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It's Less the What than the How, But . . .

Australia's achievements are applauded internationally, but the applause is frequently followed by "yes, but . . ." The "but" queries the ability to replicate the degree of traffic safety legislation and regulation and the accompanying intense levels of enforcement.

Australia certainly has a history of pioneering traffic safety legislation. It was the first country in the world to mandate helmet wearing for bicyclists and motorcyclists and seatbelt use by both adults and children. Australia was a leader in introducing speed cameras, random breath testing for alcohol-impaired driving, and, very recently in Victoria, random roadside saliva screening for drug-impaired driving. In addition, the levels of enforcement are intense by international standards.

While the evaluation research has shown high levels of effectiveness for most of these measures, it would be wrong to assume that Australia's success turned entirely on the implementation of behavior-control measures. It is more that, of all the measures in the traffic safety toolbox, legislation and intense enforcement, supported by public education to secure community support, are the types of interventions most likely to produce systemwide results in a short timeframe. Australia has also benefited greatly from improvements in vehicle and road infrastructure safety. Indeed, the strategic plans now emerging focus on the need for greater investment in creating and maintaining a safe system.

The implementation of a suite of behavior-control measures in Australia is a reflection of the level of political commitment to improving traffic safety and the consequent building of coalitions among the implementing agencies and within the wider community to support these efforts. Community support and political willingness to act are essential.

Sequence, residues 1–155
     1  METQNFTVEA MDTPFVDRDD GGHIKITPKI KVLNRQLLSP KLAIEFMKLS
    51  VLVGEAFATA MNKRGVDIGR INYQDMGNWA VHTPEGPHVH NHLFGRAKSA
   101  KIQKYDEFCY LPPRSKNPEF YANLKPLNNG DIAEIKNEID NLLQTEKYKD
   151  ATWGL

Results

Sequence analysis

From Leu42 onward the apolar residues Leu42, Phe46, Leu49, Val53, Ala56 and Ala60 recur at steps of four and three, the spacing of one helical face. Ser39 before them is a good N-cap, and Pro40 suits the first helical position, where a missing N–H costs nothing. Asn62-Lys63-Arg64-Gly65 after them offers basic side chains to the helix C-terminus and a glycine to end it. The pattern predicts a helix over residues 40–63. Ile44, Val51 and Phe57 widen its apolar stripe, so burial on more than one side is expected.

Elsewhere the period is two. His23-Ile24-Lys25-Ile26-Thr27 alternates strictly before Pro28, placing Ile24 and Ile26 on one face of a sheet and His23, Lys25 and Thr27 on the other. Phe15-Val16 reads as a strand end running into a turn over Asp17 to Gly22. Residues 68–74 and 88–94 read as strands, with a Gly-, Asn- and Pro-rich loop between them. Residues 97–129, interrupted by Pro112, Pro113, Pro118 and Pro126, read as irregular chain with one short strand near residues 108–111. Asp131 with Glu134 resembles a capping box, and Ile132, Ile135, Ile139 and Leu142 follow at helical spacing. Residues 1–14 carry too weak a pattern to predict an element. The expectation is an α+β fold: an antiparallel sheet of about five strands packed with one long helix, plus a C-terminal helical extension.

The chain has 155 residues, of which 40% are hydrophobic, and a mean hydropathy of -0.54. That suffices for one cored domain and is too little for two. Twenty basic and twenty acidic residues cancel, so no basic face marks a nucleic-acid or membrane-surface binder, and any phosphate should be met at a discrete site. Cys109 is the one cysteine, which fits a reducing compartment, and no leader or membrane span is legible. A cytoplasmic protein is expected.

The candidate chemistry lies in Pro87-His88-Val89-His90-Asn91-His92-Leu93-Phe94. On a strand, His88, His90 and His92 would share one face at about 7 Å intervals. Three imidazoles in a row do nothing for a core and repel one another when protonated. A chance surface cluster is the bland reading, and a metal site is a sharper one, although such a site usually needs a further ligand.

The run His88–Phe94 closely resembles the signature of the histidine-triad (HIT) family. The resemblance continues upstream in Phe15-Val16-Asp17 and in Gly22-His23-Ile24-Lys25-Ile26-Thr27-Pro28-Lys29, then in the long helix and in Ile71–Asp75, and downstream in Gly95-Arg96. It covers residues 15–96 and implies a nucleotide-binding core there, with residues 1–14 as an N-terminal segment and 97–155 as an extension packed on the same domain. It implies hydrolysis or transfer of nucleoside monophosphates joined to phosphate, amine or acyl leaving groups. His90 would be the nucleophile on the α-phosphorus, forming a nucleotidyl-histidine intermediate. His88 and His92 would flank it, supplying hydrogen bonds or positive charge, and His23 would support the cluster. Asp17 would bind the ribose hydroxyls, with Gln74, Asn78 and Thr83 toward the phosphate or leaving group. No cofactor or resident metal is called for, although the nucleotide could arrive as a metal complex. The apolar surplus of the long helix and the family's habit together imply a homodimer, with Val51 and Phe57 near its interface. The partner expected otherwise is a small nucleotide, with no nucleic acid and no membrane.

The Victorian community seems to accept the notion of a "social contract," the willingness to cede to the government the right to control some areas of daily life in exchange for the government accepting the obligation to provide levels of protection. Such acceptance is not an inherent property of a community; it evolves from positive experiences that build a degree of ongoing trust. While the origins of Victoria's apparent willingness to accept a social contract for road safety must remain speculative, the following can be suggested:

Nevertheless, it would be wrong to conclude that legislation and its vigorous enforcement are the only factors in Victoria's success. One must not overlook the full gamut of measures, implemented effectively through an integrated, coordinated approach.

The critical success factors for an effective program to reduce serious injury and death are summarized below. Note that there is nothing about specific measures. The keys are knowing what the big problems are, selecting interventions known to be effective, and systematically implementing those for which political and community support can be garnered. Different packages of measures will have different aggregate impacts, require different levels of investment, and operate on different timeframes, but many different packages will work.

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Page last modified on November 7, 2014
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